USGS Losing Some Critical Stream Gauges

May 3, 2013

While this stream gauge is still operating, three more like this one were shut down because of budget cuts.
Credit Aaron Kunz / Earthfix

A federal agency is planning to shut down down as many as 150 stream gauges nationwide. The first round of closures started this week. Those gauges provide life-saving flood warnings and even how bad a drought is.

Stream gauges are tools that help monitor how much water is in our rivers and streams. These are small outbuildings standing beside waterways. Each one shelters data-gathering equipment.

For the U.S. Geological Survey, these stream gauges help scientists do their jobs. “We’ve been doing it so long in the state that to lose a gauge would be like losing a member of the family almost," says John Clemens with the USGS in Washington. "The next fiscal year is a big question mark. We don’t know, we’ll certainly face it with as much seriousness as this year.”

Clemens says Washington managed to avoid shutting down any stream gauges in his state. Using equipment and maintenance funds to help keep the gauges running through the end of the fiscal year that ends October first.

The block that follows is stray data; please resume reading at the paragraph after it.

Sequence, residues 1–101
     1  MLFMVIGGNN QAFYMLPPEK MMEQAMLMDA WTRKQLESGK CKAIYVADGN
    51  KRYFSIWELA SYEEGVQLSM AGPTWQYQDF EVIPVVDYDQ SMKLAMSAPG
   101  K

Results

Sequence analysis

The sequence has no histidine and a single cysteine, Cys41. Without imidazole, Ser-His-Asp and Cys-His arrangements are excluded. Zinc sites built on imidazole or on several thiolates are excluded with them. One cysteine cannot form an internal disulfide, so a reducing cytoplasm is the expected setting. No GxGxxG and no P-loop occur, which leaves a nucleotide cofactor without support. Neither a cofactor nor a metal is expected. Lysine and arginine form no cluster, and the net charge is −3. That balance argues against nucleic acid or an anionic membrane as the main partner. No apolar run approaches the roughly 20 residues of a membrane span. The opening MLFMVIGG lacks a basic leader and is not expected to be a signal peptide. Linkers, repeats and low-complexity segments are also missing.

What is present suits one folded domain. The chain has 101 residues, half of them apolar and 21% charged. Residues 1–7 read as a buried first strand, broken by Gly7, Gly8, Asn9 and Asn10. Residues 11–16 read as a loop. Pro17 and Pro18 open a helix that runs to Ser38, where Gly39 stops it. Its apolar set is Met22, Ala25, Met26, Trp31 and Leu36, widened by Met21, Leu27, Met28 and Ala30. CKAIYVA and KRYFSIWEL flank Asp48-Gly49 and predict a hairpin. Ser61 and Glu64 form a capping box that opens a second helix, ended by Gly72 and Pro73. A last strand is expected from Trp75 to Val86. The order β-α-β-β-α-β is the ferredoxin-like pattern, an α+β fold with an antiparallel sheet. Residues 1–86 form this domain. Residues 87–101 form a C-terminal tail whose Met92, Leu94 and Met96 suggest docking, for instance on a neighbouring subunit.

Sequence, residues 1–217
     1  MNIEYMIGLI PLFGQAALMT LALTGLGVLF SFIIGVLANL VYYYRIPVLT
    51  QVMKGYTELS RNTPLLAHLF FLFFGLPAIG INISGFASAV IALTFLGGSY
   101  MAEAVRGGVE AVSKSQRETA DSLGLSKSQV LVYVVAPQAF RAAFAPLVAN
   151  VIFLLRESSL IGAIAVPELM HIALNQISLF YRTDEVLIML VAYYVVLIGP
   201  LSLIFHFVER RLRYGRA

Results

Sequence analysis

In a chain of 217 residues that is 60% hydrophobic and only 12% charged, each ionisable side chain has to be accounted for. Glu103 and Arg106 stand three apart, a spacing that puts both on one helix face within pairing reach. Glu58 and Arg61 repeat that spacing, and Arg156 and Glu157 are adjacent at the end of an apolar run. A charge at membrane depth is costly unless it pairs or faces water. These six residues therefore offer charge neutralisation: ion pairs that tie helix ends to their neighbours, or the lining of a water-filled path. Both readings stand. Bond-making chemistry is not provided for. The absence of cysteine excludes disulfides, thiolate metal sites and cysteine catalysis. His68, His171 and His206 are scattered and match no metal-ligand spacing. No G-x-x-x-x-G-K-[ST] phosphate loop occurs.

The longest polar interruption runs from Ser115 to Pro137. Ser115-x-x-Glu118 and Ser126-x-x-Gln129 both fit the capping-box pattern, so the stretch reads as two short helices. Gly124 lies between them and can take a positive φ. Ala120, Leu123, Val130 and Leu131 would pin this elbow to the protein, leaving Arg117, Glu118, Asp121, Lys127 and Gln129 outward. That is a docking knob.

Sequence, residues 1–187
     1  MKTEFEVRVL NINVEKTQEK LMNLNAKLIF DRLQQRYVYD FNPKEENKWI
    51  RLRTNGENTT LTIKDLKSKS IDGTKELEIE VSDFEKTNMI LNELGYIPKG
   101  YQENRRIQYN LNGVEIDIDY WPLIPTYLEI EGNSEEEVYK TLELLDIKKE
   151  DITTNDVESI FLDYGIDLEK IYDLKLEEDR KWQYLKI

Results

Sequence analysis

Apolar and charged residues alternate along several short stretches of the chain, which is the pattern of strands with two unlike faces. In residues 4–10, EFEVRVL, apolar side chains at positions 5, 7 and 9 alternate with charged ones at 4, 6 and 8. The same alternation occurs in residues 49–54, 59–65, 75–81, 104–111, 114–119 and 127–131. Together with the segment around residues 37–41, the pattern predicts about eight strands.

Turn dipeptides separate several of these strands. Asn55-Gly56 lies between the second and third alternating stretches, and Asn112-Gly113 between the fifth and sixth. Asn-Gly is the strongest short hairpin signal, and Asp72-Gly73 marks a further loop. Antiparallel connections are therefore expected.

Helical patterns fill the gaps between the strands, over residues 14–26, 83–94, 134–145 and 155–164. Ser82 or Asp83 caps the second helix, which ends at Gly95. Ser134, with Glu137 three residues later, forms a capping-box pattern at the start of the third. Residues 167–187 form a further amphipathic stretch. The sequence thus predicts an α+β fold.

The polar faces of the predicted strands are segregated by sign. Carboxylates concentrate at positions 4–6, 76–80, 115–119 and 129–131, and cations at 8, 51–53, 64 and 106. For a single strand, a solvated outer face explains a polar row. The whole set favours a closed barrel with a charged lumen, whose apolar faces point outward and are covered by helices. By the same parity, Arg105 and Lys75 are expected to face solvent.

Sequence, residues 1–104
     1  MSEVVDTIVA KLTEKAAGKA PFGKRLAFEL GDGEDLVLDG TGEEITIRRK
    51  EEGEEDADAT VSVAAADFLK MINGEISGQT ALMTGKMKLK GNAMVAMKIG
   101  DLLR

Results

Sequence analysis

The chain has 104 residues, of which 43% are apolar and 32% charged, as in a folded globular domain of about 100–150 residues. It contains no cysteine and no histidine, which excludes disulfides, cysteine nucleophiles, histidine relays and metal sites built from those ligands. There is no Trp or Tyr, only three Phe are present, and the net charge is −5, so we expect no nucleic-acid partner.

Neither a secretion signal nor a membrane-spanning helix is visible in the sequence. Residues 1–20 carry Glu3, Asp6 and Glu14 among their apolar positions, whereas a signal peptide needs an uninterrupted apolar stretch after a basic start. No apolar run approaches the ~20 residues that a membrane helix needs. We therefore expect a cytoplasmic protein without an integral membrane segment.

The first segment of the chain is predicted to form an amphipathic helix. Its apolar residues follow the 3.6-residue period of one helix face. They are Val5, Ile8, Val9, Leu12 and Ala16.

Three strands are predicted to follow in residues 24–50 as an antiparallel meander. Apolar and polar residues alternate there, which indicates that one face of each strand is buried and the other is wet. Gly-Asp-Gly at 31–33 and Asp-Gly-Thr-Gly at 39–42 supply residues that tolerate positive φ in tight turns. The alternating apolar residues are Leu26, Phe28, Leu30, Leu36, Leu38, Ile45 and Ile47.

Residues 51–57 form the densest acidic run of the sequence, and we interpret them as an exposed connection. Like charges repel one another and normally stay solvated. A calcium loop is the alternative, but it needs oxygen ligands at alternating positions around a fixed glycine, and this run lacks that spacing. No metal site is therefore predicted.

But Idaho and Oregon weren’t so lucky. Each had to turn off three gauges due to an across board budget cuts known as the sequester.

Stream gauges have different uses across the nation. Here in the northwest the gauges are used to monitor drought conditions. They determine how much water will be available for the hundreds of hydroelectric dams. Farmers rely on these monitoring devices to determine when they can water their crops; The recreation industry use them to decide when to fish and when to go rafting.

Many of the stream gauges in Idaho and Oregon are old. Some more than 100-years-old - known by the USGS as sentinel gauges. When you lose one of those types of gauges, you lose the continual stream of data it provides.

One of the stream gauges being shut down in Idaho is here on Lapwai Creek in North Idaho.
Credit Aaron Kunz / Earthfix

Michael Lewis is head of the U.S. Geological Survey in Idaho. He spent the last few weeks trying to determine which ones would have the least impact on the state. Lewis says that was a nearly impossible task, since the gauges work together as a system.  “These stream gauges are part of a design network," says Lewis. "So there was a stated purpose behind selecting them. There was an importance already going into just starting these gauges up and running them.”

One of the gauges that has been shut down in Idaho is on Lapwai Creek. It’s one of the important streams for the reintroduction of coho salmon in north Idaho.

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